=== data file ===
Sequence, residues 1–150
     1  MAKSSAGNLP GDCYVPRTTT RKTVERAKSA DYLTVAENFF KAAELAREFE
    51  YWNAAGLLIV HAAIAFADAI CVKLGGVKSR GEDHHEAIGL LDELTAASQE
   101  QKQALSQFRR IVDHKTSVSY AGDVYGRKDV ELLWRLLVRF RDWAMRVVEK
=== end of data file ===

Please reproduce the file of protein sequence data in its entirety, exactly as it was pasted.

Sequence, residues 1–150
     1  MAKSSAGNLP GDCYVPRTTT RKTVERAKSA DYLTVAENFF KAAELAREFE
    51  YWNAAGLLIV HAAIAFADAI CVKLGGVKSR GEDHHEAIGL LDELTAASQE
   101  QKQALSQFRR IVDHKTSVSY AGDVYGRKDV ELLWRLLVRF RDWAMRVVEK